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How to Succeed (and Fail) at MySQL Partition Pruning

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How to Succeed (and Fail) at MySQL Partition Pruning

Partition pruning in MySQL can be a bit tricky. In this post, we review a hard lesson learned in the name of increasing performance in a problematic table.

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Recently, we learned an expensive lesson about MySQL partition pruning, and we think that it is better to share it here so that others will not repeat our mistake.


In our system, there is a big stats table that does not have primary key and indexes. This table is partitioned, but the lack of indexes often causes the full partition or even a full table scan when queried. To make things worse, the system still continues writing to this table, making it slower every day.

To fix this performance issue, we want to clean the legacy data and add new indexes. However, this is not easy because the table is too big. Therefore, we chose the long approach by migrating only the desired data from this old table to a new table with a proper schema.

Partition by Hash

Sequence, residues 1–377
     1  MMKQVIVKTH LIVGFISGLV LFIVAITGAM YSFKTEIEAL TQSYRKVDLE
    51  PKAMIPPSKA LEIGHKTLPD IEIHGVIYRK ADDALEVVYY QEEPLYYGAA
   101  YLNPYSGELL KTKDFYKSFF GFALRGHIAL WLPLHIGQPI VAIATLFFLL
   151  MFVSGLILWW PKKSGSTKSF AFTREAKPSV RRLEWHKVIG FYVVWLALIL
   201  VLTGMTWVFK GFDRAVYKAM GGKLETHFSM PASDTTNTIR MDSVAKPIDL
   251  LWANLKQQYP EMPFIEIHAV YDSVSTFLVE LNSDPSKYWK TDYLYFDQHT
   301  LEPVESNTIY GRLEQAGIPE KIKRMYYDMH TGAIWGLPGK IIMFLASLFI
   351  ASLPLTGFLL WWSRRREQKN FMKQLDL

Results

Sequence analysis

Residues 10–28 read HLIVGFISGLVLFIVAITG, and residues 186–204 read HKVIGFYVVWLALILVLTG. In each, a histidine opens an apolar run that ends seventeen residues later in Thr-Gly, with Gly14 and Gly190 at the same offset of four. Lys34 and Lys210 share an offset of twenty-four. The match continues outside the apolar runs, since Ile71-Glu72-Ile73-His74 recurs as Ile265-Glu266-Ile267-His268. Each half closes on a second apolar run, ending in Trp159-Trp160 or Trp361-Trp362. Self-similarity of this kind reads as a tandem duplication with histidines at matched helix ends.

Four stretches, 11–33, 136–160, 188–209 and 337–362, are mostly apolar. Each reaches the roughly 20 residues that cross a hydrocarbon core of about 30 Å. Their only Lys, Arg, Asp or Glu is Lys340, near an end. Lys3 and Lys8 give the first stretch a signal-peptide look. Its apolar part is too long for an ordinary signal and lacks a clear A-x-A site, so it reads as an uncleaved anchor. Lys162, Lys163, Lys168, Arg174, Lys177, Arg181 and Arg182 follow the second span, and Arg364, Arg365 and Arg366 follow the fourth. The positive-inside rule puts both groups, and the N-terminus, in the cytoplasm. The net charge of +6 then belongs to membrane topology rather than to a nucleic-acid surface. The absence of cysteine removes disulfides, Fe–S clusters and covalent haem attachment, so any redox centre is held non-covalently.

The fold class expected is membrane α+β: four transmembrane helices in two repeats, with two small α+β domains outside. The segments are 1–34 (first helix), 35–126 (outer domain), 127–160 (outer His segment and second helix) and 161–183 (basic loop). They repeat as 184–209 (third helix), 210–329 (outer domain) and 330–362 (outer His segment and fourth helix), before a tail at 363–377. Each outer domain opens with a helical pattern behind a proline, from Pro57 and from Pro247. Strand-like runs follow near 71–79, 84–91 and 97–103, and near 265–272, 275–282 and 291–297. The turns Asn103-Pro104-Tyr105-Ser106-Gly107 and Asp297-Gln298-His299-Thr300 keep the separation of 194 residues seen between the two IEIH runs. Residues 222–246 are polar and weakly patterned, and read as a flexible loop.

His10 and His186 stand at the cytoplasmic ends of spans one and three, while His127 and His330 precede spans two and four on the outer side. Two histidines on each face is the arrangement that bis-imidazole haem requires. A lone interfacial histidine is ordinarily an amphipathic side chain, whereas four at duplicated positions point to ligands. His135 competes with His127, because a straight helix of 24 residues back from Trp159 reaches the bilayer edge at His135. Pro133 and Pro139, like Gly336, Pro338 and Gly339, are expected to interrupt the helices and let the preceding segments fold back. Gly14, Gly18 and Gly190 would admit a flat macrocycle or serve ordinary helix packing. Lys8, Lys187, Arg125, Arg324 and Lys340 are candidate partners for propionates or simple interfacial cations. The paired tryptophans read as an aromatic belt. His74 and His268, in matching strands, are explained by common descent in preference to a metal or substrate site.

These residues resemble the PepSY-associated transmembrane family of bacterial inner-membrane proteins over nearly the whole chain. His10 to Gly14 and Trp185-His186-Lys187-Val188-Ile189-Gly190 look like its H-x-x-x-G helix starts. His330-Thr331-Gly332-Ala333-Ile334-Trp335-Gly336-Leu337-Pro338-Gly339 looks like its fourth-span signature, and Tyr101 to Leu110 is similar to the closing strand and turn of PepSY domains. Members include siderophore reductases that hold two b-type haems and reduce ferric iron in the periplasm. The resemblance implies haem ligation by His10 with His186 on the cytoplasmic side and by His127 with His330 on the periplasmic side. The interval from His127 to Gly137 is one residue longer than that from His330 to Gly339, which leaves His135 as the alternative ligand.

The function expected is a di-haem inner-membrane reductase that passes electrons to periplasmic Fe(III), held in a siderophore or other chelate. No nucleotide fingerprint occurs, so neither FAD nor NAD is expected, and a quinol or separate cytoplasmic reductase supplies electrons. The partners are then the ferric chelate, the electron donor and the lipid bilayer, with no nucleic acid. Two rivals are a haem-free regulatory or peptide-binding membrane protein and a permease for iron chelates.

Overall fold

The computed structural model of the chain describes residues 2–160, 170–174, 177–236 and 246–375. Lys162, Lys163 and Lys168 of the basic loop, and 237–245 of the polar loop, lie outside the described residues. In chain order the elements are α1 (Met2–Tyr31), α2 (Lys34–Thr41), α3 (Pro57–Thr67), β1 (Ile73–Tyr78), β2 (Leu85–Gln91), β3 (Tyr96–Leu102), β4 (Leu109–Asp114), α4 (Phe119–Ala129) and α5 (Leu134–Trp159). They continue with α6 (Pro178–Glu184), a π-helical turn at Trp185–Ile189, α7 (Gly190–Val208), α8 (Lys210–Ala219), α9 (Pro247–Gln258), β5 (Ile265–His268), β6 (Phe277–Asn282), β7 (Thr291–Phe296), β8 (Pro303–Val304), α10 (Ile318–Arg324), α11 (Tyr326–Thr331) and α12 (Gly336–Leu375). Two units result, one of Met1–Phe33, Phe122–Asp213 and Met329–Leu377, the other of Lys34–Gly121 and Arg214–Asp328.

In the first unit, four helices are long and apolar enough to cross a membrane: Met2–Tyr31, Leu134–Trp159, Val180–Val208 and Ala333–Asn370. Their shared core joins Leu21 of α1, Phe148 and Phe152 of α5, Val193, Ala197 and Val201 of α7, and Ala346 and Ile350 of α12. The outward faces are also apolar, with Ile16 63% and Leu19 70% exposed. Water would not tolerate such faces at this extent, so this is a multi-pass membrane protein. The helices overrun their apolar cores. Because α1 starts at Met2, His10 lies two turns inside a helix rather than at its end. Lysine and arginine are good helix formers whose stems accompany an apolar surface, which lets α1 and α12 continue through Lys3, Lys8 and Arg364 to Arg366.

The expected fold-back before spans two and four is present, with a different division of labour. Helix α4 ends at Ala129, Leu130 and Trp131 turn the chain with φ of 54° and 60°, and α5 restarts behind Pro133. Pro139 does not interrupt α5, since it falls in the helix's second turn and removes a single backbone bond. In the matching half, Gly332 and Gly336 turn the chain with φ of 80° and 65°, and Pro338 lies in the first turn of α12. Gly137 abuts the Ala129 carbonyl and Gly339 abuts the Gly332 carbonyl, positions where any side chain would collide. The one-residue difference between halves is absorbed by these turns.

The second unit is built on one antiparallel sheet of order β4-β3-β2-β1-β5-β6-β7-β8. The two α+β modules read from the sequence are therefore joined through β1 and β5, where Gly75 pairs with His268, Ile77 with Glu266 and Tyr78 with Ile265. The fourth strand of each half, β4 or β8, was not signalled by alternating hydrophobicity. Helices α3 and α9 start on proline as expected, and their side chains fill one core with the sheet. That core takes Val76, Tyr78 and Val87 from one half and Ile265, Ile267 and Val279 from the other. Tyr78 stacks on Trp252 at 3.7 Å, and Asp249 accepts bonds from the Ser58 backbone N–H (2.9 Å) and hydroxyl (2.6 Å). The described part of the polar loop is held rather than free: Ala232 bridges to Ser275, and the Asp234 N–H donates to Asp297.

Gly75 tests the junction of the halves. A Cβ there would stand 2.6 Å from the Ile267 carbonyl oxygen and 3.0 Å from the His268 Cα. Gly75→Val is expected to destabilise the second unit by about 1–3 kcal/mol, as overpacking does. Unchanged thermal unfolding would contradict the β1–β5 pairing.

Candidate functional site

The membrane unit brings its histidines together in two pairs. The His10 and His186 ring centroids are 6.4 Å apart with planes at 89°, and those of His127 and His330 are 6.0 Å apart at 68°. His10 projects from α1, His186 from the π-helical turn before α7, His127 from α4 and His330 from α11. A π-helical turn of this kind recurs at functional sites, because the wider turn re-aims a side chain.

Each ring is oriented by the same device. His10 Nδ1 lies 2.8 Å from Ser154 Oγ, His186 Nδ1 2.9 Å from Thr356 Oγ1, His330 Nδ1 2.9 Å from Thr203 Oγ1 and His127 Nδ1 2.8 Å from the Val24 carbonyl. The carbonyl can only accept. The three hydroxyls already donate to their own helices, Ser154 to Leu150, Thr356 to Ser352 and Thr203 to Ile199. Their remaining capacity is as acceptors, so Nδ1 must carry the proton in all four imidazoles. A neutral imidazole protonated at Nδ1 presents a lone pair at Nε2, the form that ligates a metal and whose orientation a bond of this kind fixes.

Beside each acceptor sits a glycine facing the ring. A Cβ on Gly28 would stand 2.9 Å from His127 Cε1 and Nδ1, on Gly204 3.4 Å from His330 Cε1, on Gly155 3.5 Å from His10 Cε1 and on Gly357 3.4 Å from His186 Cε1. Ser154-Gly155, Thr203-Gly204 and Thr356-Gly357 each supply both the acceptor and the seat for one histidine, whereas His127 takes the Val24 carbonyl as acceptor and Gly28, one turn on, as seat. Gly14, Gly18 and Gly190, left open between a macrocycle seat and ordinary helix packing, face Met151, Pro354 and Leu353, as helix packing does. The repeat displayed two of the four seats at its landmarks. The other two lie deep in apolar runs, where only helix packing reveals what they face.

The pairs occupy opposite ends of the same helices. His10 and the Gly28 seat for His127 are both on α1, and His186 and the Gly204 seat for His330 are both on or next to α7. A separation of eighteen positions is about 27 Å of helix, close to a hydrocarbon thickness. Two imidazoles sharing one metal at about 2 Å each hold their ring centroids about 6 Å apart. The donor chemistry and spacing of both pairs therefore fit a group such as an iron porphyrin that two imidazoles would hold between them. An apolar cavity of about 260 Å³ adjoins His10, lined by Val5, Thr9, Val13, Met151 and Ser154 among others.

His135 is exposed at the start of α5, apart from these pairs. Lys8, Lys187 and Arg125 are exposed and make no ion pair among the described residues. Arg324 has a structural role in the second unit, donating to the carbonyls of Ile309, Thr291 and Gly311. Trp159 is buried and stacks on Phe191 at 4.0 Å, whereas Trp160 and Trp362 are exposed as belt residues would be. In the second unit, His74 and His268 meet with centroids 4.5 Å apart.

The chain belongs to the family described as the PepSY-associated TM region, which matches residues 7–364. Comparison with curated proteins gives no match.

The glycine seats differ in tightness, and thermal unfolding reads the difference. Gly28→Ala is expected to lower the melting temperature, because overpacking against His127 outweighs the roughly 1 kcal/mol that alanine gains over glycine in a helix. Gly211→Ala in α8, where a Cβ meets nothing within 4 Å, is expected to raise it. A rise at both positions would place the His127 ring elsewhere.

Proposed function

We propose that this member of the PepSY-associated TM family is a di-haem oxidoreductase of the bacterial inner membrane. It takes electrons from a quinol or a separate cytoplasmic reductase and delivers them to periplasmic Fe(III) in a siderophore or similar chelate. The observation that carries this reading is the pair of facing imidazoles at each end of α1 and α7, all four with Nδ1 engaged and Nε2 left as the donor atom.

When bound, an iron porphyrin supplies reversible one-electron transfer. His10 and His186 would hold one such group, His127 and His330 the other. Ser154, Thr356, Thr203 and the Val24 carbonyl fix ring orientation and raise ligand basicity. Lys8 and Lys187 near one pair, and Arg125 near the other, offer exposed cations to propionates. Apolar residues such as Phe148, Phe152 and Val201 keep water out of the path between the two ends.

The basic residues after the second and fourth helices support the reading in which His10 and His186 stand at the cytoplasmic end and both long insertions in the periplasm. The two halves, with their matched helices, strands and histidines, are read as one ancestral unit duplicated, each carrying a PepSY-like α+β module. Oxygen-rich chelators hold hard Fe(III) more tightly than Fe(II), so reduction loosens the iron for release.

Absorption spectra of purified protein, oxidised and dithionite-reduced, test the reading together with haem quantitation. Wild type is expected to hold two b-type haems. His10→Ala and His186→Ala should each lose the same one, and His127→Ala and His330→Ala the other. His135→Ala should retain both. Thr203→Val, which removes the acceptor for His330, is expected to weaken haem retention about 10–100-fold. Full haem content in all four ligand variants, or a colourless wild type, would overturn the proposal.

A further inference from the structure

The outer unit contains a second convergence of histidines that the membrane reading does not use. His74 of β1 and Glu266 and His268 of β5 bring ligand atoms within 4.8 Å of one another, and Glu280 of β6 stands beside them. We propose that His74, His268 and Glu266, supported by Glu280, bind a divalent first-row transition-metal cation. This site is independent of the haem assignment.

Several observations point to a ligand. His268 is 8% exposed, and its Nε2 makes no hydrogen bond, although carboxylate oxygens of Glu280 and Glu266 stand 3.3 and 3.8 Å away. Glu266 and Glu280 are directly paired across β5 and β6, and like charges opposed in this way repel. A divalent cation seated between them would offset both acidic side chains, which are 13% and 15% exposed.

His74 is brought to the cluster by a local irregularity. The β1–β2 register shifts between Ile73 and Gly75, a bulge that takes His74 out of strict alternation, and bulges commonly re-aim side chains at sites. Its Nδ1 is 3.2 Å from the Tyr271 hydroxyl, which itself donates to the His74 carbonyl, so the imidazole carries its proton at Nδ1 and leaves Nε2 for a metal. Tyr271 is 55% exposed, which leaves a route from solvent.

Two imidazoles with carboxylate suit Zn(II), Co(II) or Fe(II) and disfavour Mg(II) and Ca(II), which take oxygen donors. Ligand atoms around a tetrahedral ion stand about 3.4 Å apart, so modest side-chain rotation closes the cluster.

It would have been fine if we only did what we originally intended to do. However, we changed the partition type for convenience, and that made the new table slower.

In the original table, the partition is based on a timestamp column that represents the time as a number of hours from epoch. For example, the first second of the year 2017 in GMT is 1483228800 seconds from epoch. To get the number of hours, we divide the number by 3600 to get 1483228800 div 3600) = 412008.

Because of the partition by range type, we need to have a maintenance script that creates the monthly partition for next year. This method of partition is not very ideal because the partition size is big and not even. Hence, we converted it from a monthly partition to a weekly partition, but we were too lazy to define each range and switched from partition by range to partition by hash.

This is a short version of how hash definition will look like if we do the partition by range


And this is how the partition definition will look like if we do partition by hash

partition by hash (hour_epoch div 168) partitions 157;

The partition by hash type did more than just shorten the syntax. MySQL will try to split records evenly by applying modulo function to select a partition. However, to make the duration of one partition one week, we divide the hour_epoch number by 168 to effectively get week_epoch.

With the new table schema, we were happy with smaller partitions, shorter description, and more indexes.

Performance Issue

Because of the huge volume of data, we could not fully migrate data to the new schema to verify performance. We only did the preliminary performance test with the data of two weeks and did not detect any performance issue. However, in the final testing, we were surprised to observe mixed results. Most of the queries were faster as expected, but some were slower.